Piero Mancini was an Italian illustrator/comic artist with an appealing minimalist style.
[For the following details I'm indebted to a biographical entry at the Fondazione Franco Fossati, a fabulous resource on Italian comics history.]
Piero Mancini was born in Adria in 1927. His family moved to Milan while he was still a child. It was there he studied art, at the Brera Academy of Fine Arts.
In the early 1950s Mancini moved to Padua to work in advertising and illustration. He began a collaboration with the Catholic kids' weekly Sant'Antonio e i fanciulli (St. Anthony and the Children), which was later retitled Il messaggero dei ragazzi (The Kids' Messenger). Though he mostly produced illustrations, Mancini also wrote and drew a police-themed story/quiz in comics form.
|One of a series of Bob Star (Red Barry) covers for Club Anni Trenta|
|Collection of Mino & Lia from Mera-Fumetti|
In 1977 Piero Mancini illustrated an adaptation of The Diary of Anne Frank which appeared in Sgt Kirk. It was his last major project, for the artist passed away in 1979 at the age of 51.
Mancini's impressionistic style bears a certain resemblance to the work of Dino Battaglia. He went even further than Battaglia in experimenting with unusual textures. His toolkit included pen, brush, sponges, razor blades, and toothbrush splatter. The result was a very personal and attractive style which admittedly sometimes sacrificed detail for effect.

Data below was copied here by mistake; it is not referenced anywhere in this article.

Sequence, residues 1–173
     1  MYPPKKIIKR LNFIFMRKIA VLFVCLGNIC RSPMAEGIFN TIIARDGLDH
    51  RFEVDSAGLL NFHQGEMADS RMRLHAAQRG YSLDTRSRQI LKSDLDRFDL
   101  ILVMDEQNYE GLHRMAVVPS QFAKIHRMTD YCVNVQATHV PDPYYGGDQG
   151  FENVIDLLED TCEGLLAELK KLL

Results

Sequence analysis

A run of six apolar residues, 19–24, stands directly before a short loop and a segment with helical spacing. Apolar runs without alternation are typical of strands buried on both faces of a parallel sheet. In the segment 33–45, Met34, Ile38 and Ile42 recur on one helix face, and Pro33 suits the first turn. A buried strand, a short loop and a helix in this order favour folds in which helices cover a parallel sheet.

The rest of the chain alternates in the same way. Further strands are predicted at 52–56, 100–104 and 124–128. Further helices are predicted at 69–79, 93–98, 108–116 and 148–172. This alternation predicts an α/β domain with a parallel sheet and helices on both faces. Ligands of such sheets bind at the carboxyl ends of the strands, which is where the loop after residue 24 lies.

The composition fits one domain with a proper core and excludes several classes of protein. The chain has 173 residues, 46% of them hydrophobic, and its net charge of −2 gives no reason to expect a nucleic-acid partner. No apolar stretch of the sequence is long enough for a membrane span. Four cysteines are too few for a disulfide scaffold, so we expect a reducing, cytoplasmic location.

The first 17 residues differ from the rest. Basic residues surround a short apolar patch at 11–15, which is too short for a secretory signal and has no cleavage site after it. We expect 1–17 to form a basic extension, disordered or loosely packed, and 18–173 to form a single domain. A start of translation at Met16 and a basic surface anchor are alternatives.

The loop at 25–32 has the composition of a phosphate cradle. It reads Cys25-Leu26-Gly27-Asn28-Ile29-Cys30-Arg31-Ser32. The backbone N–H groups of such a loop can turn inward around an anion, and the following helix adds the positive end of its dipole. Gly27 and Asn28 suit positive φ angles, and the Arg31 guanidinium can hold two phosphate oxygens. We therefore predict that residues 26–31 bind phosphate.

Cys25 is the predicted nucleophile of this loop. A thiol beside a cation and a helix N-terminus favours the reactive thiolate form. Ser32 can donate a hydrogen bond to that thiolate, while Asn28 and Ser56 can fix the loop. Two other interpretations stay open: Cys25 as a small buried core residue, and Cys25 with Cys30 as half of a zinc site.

Following is one of Mancini's Mino and Lia adventures. Though only 9 pages long it was split across two issues of Il Messaggero. In fact I think it was originally intended to run in three parts. In the Italian original the last panel on page 3 seemed to set up a cliffhanger and the first row of panels on page 4 look like they were extended upward to cover a gap left for the series logo.
It's a very simple, very low-key story. A hallmark of the series was the way Mino and Lia spoke directly to the reader. Personally I find the schtick annoying, though it does help hurry the story along. To my eyes the coloring is also reminiscent of Battaglia. I have no idea whether Mancini did it himself.
All in all this is a nice job by a lesser-known star in the Italian comic universe.
English version by Ron Harris